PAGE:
Recent Posts

Tuesday, February 22, 2011

Michael's blanket

It's been quite a year for babies amongst our friends!  Shortly after finishing Gretta's blanket, I picked the needles up and started right into another blanket for another great pair of friends.  The little bundle of joy, Michael, was born on the last day of January to some pretty happy parents!

And I got to visit him just last week!  Such a happy little sweetie.  I think he'll look great wrapped up in this little basketweave blanket.  Knitters can find my pattern modifications at the bottom of this post.

Baby blanket


I made the tag with supplies from my craft box:

Tag supplies

Giraffe stamp

Isn't the stamp great?  I thought a giraffe was suitable for a little baby boy.  It came from a stamp set I got a few years ago.  The images are woodcuts taken from an old edition of Webster's Dictionary.

And the gift wouldn't be complete without a handmade card:


I tried to emulate the "basketweave" pattern of the blanket on the card by weaving strips of cardstock together:

Card weave design

Now, on to the knitting details!

  • Find my Ravelry project here
  • I wanted to make this blanket suitable for a car seat/carrier, so it measures 30" x 31.5"
  • According to my initial swatch and desired size, I loosely cast on 144 st
  • Needle:  29" 4mm circular
  • I went for a seed st border (k1, p1 and repeat for one row, then knit the purls and purl the knits for subsequent rows) of 14 rows deep
  • For the 15th row (the first row of basketweave squares) I began a 12 st side border in seed st, then k10, p10 and repeat until 12 st from the edge (seed st last 12 st)
  • [In retrospect I would have cast on 140 and made the side borders 10 st wide instead of 12]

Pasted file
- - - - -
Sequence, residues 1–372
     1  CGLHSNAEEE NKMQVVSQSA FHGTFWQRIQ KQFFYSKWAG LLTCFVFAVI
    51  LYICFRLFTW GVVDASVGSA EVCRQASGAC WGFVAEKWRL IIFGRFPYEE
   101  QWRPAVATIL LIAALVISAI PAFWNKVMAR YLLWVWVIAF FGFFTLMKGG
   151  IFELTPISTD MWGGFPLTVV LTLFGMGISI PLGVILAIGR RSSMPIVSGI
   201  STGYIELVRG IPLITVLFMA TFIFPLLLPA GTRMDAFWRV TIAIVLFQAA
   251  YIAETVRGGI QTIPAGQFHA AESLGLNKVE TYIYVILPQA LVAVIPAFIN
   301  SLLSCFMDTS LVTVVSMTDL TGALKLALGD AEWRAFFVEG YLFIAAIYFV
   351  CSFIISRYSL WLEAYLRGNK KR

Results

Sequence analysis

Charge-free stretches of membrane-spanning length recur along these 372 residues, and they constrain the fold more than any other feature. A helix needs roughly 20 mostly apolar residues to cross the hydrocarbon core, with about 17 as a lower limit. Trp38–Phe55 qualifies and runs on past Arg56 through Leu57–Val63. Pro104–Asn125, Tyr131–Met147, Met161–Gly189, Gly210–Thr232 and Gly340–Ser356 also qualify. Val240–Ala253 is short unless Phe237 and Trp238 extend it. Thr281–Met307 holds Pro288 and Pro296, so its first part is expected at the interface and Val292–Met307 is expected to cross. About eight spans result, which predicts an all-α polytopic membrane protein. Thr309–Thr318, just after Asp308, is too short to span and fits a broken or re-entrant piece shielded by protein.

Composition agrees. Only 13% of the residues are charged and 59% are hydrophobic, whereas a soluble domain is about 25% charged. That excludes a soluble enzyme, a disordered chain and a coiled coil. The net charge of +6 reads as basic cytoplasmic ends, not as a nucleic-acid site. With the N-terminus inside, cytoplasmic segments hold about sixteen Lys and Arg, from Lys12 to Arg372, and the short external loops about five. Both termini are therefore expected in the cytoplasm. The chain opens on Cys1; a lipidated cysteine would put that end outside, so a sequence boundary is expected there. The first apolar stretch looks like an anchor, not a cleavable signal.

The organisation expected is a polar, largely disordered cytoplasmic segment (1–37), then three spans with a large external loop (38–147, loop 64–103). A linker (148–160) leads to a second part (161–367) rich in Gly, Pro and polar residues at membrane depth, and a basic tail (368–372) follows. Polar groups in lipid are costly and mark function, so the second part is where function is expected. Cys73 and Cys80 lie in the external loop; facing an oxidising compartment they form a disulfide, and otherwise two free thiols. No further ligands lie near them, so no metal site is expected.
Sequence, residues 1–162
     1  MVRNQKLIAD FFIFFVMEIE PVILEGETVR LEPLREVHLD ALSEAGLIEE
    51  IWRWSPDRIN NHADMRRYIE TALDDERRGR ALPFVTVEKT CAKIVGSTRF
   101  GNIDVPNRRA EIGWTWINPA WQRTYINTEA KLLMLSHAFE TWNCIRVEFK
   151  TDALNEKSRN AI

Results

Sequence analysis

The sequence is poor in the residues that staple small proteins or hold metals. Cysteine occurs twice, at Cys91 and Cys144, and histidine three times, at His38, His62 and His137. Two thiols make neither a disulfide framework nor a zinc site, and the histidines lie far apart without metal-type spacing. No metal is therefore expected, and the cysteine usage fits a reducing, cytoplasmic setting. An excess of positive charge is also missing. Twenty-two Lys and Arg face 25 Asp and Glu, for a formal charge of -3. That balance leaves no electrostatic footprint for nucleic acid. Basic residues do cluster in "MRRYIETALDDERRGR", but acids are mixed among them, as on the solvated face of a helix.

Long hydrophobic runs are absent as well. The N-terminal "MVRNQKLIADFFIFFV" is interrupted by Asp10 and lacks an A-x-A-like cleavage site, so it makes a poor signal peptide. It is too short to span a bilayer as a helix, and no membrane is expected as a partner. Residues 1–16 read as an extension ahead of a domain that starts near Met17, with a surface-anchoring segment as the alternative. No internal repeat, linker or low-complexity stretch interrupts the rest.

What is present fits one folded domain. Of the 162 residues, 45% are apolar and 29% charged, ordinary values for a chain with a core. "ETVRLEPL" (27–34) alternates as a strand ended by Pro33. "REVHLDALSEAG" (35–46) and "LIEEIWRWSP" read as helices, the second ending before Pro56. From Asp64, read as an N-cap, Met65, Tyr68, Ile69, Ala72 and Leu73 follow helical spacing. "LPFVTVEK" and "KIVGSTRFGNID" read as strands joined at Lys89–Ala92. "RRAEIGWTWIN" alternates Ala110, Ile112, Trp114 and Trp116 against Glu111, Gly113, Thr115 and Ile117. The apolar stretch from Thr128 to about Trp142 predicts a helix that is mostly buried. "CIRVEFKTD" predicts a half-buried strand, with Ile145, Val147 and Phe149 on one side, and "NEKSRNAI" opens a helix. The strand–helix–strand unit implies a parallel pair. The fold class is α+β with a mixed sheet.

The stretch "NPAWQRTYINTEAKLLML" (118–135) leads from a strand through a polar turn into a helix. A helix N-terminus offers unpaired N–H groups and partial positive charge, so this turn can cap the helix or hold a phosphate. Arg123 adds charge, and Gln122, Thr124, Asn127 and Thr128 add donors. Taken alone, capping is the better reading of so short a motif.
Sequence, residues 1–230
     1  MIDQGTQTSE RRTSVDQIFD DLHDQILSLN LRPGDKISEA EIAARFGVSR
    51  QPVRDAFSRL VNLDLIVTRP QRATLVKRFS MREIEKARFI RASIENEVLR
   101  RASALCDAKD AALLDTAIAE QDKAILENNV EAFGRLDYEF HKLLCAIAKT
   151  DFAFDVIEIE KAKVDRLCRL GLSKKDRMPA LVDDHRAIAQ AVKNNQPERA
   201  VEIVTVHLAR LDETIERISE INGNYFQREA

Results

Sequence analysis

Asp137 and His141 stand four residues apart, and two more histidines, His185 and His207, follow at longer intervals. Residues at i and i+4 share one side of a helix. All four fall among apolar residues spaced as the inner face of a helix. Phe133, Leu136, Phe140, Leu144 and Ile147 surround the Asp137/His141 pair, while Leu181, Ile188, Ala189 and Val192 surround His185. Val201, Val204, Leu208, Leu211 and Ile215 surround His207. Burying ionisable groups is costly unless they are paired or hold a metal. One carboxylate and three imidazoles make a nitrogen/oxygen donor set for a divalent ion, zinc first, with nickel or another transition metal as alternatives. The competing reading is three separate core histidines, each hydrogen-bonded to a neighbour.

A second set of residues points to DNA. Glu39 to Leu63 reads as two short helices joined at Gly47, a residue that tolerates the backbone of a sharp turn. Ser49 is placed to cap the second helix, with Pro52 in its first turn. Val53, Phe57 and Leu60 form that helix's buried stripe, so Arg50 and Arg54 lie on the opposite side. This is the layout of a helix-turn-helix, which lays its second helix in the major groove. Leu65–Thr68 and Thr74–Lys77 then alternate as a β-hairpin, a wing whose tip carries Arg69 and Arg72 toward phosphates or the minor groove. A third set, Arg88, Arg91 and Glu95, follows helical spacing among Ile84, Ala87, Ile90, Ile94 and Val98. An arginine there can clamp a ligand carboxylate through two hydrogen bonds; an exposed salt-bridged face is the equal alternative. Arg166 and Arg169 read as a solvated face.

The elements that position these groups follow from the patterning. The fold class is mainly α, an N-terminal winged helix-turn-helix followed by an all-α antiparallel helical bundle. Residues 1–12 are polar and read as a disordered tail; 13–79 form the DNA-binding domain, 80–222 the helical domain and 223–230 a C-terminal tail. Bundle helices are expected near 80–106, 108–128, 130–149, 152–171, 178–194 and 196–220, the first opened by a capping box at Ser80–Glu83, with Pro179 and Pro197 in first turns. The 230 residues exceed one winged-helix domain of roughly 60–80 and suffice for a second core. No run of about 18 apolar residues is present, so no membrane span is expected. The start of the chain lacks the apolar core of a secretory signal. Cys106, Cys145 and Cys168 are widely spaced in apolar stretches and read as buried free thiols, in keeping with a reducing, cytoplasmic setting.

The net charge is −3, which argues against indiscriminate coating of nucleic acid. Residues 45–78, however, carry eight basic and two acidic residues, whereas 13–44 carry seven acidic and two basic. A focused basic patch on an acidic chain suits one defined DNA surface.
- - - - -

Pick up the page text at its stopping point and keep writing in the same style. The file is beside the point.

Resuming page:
• Each basketweave square is 14 rows x 10 st
  • After 14 rows, simply switch knit sections to purl and vice versa
  • When 2" from desired length, revert back to seed st for 14 rows and loosely bind off
  • Yarn is Lion Brand Cotton Ease - machine washable and dryable!  Essential for a little babe.

And that's all I have to say about that.  Michael, I hope the blanket keeps you toasty this winter and I just can't wait to see you next time!

More of my knitting posts can be found here.

Friday, February 18, 2011

Stew and biscuits

A hearty meal for a chilly Upper Canada winter's eve.  That's right, I'm up in Ottawa visiting my sister!  We had a hankering for a traditional winter meal and decided beef stew would be it.

Let's start with the biscuits.  In my opinion, if you're going to have stew you need to have some type of bread product to dip into it.  My usual olive oil biscuit recipe was home in a drawer, so a quick google of the interwebs led me to this recipe from a lovely food blog.

Olive Oil-Parmesan Biscuits


1 3/4 cups all-purpose flour
1 tbsp baking powder
1/2 tsp sea salt
coarsely ground black pepper to taste
1 cup milk
5 tbsp good quality olive oil
1/2 cup freshly grated parmesan (or other delicious firm cheese, e.g. cheddar)

Biscuit ingredients

[mmm, parmesan]

Biscuit ingredients

[Tidyowl's pretty vintage bowl]